After then explaining his research, which showed people of his age at extremely low risk of death from COVID, he stated: “At its core, I believe this mandate is founded on flawed, politically motivated, bureaucratic group-think. I believe it is an unwarranted violation of individual sovereignty and, therefore, a violation of my right to bodily autonomy. It is a very real consequence of a growing acceptance of tyranny in American governance. This order is fundamentally un-American.”
As of mid-September, nobody up the chain of command has countered his objection in any substantive way. Recently, the Navy sent out a revised page 13 that he thinks is “designed to cover their butts legally from a variety of angles.”
“I think they’re anticipating challenges,” he says.
Alexander says that in the past, questions about questionable orders have always been met with “reasonable and supportable arguments to the counter.”
“There is time to say, ‘Here’s our order and here’s why we’re doing it. Here’s the data that we are using that support why we’re mandating that you take this vaccine,’” Alexander says.
Now he sees three paths ahead. Getting the vaccine against his own conscience or desire “is the least morally correct thing to do,” he says. On the other hand, he could refuse the order outright and force a military justice proceeding or a court-martial. Alexander plans to chart a third path of resistance: He will sign the page 13 to acknowledge receipt, then attach a statement explaining his reasoning against the mandate and his responsibility to challenge orders he believes are flawed. In addition, he will state his intent to resign from his position if the order does not change.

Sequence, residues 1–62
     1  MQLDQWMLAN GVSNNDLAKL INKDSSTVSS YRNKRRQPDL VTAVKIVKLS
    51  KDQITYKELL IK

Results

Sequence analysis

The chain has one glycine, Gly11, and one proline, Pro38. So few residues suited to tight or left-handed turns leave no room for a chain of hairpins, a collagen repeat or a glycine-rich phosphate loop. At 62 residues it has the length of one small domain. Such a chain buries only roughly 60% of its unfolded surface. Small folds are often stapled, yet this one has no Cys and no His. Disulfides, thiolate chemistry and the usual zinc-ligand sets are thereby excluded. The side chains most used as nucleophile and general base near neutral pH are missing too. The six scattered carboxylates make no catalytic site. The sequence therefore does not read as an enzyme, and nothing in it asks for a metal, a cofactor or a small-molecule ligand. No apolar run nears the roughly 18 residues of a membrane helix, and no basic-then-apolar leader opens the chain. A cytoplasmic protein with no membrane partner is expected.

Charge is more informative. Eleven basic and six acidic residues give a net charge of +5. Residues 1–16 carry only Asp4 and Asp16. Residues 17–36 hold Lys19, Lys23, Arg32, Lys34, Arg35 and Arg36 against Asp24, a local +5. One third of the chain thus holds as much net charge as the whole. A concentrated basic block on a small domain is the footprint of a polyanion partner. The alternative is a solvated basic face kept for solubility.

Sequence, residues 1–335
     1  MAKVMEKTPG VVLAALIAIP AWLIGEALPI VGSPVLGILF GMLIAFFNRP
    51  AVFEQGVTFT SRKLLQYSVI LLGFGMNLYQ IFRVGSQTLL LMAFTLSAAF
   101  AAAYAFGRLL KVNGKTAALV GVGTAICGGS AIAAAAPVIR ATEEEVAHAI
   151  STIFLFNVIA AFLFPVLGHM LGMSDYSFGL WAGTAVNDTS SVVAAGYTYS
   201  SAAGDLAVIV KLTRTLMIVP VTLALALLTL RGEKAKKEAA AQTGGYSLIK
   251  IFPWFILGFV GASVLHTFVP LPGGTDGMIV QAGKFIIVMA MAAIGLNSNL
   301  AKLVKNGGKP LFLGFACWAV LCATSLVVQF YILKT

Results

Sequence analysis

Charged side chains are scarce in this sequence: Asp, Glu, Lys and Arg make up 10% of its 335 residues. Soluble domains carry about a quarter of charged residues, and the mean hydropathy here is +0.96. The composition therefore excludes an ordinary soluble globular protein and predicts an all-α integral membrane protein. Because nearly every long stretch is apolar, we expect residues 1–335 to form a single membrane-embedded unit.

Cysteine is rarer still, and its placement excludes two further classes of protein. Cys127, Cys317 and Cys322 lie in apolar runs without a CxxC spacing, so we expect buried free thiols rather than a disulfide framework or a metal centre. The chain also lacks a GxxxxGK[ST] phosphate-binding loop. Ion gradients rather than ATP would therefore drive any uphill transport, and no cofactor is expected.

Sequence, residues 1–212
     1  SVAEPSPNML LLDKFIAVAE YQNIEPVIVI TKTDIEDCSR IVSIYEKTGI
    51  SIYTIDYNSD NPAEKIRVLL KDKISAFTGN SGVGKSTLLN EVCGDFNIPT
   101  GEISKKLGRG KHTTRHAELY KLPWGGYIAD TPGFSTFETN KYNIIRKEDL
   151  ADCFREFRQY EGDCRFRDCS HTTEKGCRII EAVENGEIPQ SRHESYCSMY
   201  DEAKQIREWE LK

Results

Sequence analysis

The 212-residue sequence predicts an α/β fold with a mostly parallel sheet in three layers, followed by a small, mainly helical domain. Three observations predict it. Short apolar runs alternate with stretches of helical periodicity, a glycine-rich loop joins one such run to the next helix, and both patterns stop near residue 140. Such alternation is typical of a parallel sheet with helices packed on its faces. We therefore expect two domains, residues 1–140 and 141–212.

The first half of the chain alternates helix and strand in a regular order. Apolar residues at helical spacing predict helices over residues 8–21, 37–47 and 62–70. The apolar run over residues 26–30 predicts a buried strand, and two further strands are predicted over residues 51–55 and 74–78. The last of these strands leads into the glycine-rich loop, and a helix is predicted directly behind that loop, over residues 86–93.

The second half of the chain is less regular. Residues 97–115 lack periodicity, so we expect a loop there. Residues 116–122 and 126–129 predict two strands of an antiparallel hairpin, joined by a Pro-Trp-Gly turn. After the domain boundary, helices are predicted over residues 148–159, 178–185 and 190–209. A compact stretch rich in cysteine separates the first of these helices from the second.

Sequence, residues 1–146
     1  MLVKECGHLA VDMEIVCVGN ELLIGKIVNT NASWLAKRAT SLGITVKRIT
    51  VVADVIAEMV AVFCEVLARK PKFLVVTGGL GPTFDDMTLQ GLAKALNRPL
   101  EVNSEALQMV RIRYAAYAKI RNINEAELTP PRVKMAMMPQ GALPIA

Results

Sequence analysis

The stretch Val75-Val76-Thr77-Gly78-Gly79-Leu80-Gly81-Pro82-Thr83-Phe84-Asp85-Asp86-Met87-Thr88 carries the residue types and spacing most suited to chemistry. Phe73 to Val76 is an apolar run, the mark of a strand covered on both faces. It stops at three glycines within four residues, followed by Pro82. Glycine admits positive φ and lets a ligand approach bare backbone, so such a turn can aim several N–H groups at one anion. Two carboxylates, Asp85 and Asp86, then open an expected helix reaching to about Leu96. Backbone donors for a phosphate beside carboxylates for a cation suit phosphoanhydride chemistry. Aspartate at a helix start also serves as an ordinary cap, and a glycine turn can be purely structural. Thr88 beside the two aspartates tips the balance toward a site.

“There’s this sense of dread and disappointment,” he says. “Tragedy is probably the right word to use in respect to the circumstances in which I find myself. Add onto that my career-long feeling of responsibility to any sailor that’s been attached to me, and any commander I’ve worked for, and I see this as a much broader tragedy. It’s happening to everyone’s career right now.”
If that’s the path the Navy forces him to take, he will lose a chunk of his income, medical benefits — and, most importantly, a long loyalty to that branch of the armed services.
“I walked through so many fires for the military that to end it [in this way] … It seems like such a tragedy,” he says. “[The] two-decades-long sense of sacrifice and commitment I’ve had for the service, coming down to this almost comical hill upon which we’re sacrificing our commitment to service. … I could probably consider this a sense of mourning. … I feel like I’m ending something that’s been this massive part of my life for 22 years.”
He believes the order will decimate leadership in the U.S. military, whose iron-fisted, ham-handed approach to vaccination is causing intelligent, critical-thinking officers to jump ship.
“Would you rather have an officer in the military who accepts without challenge or consideration?” he says. “Or would you rather have an officer weigh the order and think critically about it? … You want the kind of officer that will hold people accountable and challenge orders when there’s time to challenge it. There’s nothing in particular that’s making this mandate urgent. We should take our time and be pragmatic. We’re losing officers who will do their due diligence and back up the chain of command on the orders they give.”
Looking to a future without the reserves, Alexander says he will continue to work his civilian job, and “I may be more active politically, to be honest with you.”
He is determined to continue to help protect the basic freedoms of all individuals, as he has done throughout his military career.